p.s. The Invoke-SQL.ps1 script in the examples isn’t available online yet. It’s something I cooked up myself.

  3. But ‘Invoke-SqlCmd’ comes with the SQL PS Provider, so you don’t need to roll your own.

    And for backup times, you don’t need to go back into T-SQL, you can just do it from SMO directly:

    PS SQL:\rob-pc\default\Databases> gci | select-object name,lastbackupdate

    And if you need to make SMO connections, you can. I guess it’s no different really to using invoke-sqlcmd.

    Of course, with SSMS 2008, you can do Local Server Group queries, which makes this much easier to do using T-SQL directly.


  4. So do you need to install SQL 2008 or can you just copy the SQLPS.exe to your local machine?

  5. Hi Rob and everyone!

    Great article, I DBA managing just over 60 SQL Server 2000/2005 Instances, supporting over 300 databses and it seems my day will be much more productive if I can script in PowerShell.

    I know the basis in VBScript via WSH, so some knowledge base on my part to work with, but will like to take on PowerShell.

    So, Please where would you suggest I start – books and web resource etc I could use to get up to speed.



  6. In my opinion, the best book on Powershell is and remains Bruce Payette’s Powershell in Action. Also very good is the Windows PowerShell Cookbook by Lee Holmes.

    I just started reading Pro Windows PowerShell by Hristo Deshev, and that one looks pretty good, too.

    If you only buy one book, however, get Powershell in Action.


  7. Does anyone know if this works for the Exchange 2007 Command Shell? For those of us that admin multiple platforms and applications, the prospect of PS bloat is demoralizing.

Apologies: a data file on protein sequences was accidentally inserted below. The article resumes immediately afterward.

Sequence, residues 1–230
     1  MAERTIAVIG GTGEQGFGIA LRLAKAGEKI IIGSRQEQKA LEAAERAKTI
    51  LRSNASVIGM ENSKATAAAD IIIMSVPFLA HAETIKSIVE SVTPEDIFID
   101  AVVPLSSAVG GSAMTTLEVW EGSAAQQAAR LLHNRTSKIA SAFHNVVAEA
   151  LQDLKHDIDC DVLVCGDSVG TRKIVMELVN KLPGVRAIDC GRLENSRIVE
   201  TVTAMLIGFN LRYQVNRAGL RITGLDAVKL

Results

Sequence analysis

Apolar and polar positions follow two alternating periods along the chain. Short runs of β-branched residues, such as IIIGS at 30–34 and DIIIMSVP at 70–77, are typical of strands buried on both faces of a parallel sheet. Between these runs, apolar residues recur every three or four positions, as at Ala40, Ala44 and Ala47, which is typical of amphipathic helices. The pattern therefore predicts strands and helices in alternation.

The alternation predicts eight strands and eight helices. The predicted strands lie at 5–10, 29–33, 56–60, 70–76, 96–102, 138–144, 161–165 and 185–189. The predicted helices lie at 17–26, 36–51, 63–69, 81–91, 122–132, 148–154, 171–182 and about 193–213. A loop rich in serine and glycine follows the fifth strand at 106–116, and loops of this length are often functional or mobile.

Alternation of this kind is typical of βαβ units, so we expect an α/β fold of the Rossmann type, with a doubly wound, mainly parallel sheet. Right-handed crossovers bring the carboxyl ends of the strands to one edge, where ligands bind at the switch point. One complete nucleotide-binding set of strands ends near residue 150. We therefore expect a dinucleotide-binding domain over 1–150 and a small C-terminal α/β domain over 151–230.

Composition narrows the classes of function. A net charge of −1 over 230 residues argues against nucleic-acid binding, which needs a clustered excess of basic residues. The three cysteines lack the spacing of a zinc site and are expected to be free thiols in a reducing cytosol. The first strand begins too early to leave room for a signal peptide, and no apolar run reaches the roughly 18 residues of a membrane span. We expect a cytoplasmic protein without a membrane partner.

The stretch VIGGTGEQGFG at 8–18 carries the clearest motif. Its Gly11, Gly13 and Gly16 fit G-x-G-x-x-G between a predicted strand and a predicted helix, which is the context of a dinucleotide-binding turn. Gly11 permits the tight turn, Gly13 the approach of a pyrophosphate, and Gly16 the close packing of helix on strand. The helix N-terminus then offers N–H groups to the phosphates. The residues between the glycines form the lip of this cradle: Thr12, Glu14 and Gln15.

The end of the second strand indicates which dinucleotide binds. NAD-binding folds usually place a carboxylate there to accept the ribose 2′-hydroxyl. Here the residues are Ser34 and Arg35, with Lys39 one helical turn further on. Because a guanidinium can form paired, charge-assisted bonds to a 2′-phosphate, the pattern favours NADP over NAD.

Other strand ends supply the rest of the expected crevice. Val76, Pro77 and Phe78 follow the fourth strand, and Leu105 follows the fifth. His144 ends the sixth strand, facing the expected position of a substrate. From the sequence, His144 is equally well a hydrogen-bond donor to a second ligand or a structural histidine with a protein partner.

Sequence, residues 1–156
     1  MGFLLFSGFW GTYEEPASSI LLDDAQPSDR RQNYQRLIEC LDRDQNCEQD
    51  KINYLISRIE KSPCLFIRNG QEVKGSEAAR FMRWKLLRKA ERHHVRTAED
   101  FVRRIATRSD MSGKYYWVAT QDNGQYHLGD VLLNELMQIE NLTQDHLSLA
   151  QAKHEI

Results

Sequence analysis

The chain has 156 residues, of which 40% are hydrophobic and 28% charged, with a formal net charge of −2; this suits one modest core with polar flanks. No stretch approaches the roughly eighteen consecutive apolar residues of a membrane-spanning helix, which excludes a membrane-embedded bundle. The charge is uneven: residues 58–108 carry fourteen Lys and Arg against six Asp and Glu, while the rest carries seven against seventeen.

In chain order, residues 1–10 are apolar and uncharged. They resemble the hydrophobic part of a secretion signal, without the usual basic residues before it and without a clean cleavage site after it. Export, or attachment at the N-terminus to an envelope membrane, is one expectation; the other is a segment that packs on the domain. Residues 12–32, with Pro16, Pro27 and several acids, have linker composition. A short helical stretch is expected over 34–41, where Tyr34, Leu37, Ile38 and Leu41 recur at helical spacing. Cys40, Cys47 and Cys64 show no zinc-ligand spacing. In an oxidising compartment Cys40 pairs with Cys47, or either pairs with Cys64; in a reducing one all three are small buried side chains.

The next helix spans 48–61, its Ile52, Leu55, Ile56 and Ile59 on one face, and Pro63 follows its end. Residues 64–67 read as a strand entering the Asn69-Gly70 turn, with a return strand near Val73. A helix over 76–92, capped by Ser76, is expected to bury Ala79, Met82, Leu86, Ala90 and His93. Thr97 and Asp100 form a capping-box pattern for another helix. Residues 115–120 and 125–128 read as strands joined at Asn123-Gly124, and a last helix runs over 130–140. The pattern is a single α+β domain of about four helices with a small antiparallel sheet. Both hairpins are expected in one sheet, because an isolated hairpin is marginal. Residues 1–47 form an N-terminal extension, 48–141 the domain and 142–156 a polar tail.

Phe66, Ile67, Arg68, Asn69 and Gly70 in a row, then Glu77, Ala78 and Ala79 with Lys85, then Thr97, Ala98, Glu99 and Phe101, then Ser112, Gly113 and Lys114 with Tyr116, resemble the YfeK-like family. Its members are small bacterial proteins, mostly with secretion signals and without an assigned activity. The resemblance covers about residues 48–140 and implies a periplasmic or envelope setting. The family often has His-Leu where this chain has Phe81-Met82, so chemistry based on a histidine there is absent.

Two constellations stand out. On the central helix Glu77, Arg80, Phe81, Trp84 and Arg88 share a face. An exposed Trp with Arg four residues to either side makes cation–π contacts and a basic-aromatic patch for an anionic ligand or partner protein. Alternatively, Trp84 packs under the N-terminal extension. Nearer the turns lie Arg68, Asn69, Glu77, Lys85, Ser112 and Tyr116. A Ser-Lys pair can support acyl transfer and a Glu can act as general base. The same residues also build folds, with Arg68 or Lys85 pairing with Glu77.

8. Goodwin – there are some great books around. Pop down to a bookshop and glance through a few to find one that suits your learning style. But also read blogs like blogs.msdn.com/powershell to stay learning!

    Aaron – I’m not sure, because I don’t run Exchange locally. However, if there’s a PowerShell provider at all (through this Exchange Shell you mention), you should be able to see if it’s treated as a snapin using “Get-PSSnapin -reg” like Darren and I did for the SQL stuff. And post back here to let me know how you go.

  9. Thanks for this post.

    For the TOTAL newbie, when I type:
    get-pssnapin -reg

    I receive:
    Name : SqlServerCmdletSnapin100
    PSVersion : 1.0
    Description : This is a PowerShell snap-in that includes various SQL Server cmdlets.

    Name : SqlServerProviderSnapin100
    PSVersion : 1.0
    Description : SQL Server Provider

    Then, I should do (based on the “Name”):
    Add-PSSnapin SqlServerProviderSnapin100
    Add-PSSnapin SqlServerCmdletSnapin100

  10. By the way — I will also provide a document quotation on why use SQLPS at all if anybody could simply add the PS PlugIn. SQLPS is a “Power Shell Mini-Shell”:

    “By default, sqlps runs with the scripting execution policy set to Restricted, which prevents running any PowerShell scripts. You can use the Set-ExecutionPolicy cmdlet to enable running signed scripts, or any scripts. Only run scripts from trusted sources, and secure all input and output files using the appropriate NTFS permissions.”

    from http://msdn.microsoft.com/en-us/library/cc281962.aspx

    Powershell is, well, powerful, and a main concern for a SQL Server admin is inadvertently running something against a shared-database environment.

    SQLPS is therefore the default window when right-clicking an object in SSMS.

    The link I referenced provides a script for adding SQL Server snap-ins to any PowerShell environment (it is more than just three lines since it includes conditional registration, for example). Also provided is a script to load SMO only (if, for example, the intention is to port to .NET and not use the SQL provider).

  11. Yes Mark, you’re correct. SQLPS isn’t without its uses, but all too often I want to hook into slightly more than what I have available.

    And I’m often running PowerShell anyway, which makes the snapins way more useful.